Millions of vehicles could be subjected to a new airbag recall after two U.S. Senators recently sent a letter to Japan-based Takata requesting they voluntarily recall all airbags manufactured with a cheaper ammonium nitrate propellant.
This propellant has been used by Takata since the early 2000s and the airbag maker continues to be use it in its its current airbags including those it has replaced from previous recalls. There have been more than 18.6 million vehicles recalled for defective airbags to date. Takata’s competitors, however, use a different compound and they have also been providing replacement airbags to some 34 million vehicles equipped with the defective Takata airbags.
Sens. Richard Blumenthal (D-Conn.) and Ed Markey (D-Mass.), who are part of a Senate Commerce Committee that is investigating the airbag issue, are now coming down hard on Takata. The senators recently learned of a collision involving a 2015 Volkswagen Tiguan which became a turning point in their investigation. They say vehicle is the first to involve side airbags, the Volkswagen brand and a model newer than 2011.
The crash has now called into question what is triggering the airbags to break down and cause catastrophic failures. Takata had previously blamed the cause of the airbag ruptures on aging and long-term exposure to heat and high humidity in some regions. It was determined that the propellant was too sensitive to temperature changes and moisture. Over time, the propellant breaks down and becomes combustible.
Prior to using ammonium nitrate propellants in its airbags, Takata had success with a tetrazole propellant that was a safer and greener alternative to others on the market at the time, but it was expensive and the airbag industry was competitive so Takata allegedly chose the cheaper alternative.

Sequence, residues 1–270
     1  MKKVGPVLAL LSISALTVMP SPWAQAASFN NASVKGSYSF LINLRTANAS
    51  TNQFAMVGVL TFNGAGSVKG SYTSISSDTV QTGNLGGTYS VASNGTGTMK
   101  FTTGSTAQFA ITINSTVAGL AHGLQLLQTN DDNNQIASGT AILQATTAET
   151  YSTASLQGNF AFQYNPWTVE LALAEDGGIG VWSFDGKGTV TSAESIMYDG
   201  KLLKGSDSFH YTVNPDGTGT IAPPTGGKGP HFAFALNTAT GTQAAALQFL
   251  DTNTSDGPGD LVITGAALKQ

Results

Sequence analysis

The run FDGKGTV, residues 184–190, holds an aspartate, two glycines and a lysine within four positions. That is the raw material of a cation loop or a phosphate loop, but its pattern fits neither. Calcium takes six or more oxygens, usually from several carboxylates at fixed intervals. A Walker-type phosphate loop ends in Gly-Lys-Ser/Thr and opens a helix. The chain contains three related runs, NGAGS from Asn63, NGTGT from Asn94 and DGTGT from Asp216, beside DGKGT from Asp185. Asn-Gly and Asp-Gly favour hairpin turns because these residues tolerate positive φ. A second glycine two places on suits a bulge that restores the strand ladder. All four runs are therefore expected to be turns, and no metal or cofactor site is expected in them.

AIRBAGS ARE A SAFETY ISSUE
The safety of consumers who may be at risk of injury or death in vehicles made with these airbags is the key reason behind the committee’s letter to Takata. Indeed, there have been eight people killed and139 others have suffered injuries due to defective airbags.
One of those injured was 18-year-old Angelina Sujata of South Carolina who suffered serious injuries when a Takata airbag in her 2001 Honda Civic exploded and sent shrapnel or metal shards into her body. She was only traveling about 25 miles per hour at the time of the crash.
“People shouldn’t have to worry about being injured or killed by a device that they paid to protect them from harm,”said Attorney James Johnson. “Takata should immediately stop using this explosive propellant and get these defective airbags off the market.”
Takata may not have a choice in the matter if the National Highway Traffic Safety Administration decides to take this new information and use it to force them to recall their airbags.
Johnson Attorneys Group, a California Lemon and Personal Injury law firm, handles cases involving defective Takata airbags. Consumers who have been injured in a traffic accident due to a defective airbag should preserve evidence and call an attorney immediately to help them build a case against an automaker or manufacturer.
James Johnson is a respected California attorney with offices and meeting locations throughout California to best serve our clients. Give us a call at 800-235-6801 for a free consultation.
Latest posts by James Johnson ESQ (see all)
- Nissan Recalls 1.3 Million Cars due to Faulty Backup Cameras - October 1, 2019
- Volvo Cars Recalls Half a Million Diesel Cars Worldwide for Fire Risk - September 30, 2019
- 2020 Subaru Outback, 2020 Legacy Recalled Due to Brake Problem - September 30, 2019